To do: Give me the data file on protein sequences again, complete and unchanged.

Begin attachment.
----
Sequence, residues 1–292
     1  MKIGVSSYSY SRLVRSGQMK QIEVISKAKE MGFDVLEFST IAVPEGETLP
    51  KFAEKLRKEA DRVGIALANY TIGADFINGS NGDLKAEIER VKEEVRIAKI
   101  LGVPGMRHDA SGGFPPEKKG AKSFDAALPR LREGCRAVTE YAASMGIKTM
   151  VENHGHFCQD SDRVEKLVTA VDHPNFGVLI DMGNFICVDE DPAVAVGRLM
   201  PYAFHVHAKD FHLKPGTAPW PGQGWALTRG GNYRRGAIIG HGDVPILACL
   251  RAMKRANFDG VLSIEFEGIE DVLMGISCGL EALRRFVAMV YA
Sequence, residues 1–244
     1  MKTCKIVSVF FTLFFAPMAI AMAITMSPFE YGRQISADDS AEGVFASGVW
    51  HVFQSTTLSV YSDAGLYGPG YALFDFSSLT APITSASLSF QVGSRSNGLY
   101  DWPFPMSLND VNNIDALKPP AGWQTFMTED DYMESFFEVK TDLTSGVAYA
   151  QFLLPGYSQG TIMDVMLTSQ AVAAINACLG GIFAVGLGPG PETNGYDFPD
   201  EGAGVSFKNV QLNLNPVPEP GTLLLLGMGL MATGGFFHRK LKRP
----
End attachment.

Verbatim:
Sequence, residues 1–292
     1  MKIGVSSYSY SRLVRSGQMK QIEVISKAKE MGFDVLEFST IAVPEGETLP
    51  KFAEKLRKEA DRVGIALANY TIGADFINGS NGDLKAEIER VKEEVRIAKI
   101  LGVPGMRHDA SGGFPPEKKG AKSFDAALPR LREGCRAVTE YAASMGIKTM
   151  VENHGHFCQD SDRVEKLVTA VDHPNFGVLI DMGNFICVDE DPAVAVGRLM
   201  PYAFHVHAKD FHLKPGTAPW PGQGWALTRG GNYRRGAIIG HGDVPILACL
   251  RAMKRANFDG VLSIEFEGIE DVLMGISCGL EALRRFVAMV YA
Sequence, residues 1–244
     1  MKTCKIVSVF FTLFFAPMAI AMAITMSPFE YGRQISADDS AEGVFASGVW
    51  HVFQSTTLSV YSDAGLYGPG YALFDFSSLT APITSASLSF QVGSRSNGLY
   101  DWPFPMSLND VNNIDALKPP AGWQTFMTED DYMESFFEVK TDLTSGVAYA
   151  QFLLPGYSQG TIMDVMLTSQ AVAAINACLG GIFAVGLGPG PETNGYDFPD
   201  EGAGVSFKNV QLNLNPVPEP GTLLLLGMGL MATGGFFHRK LKRP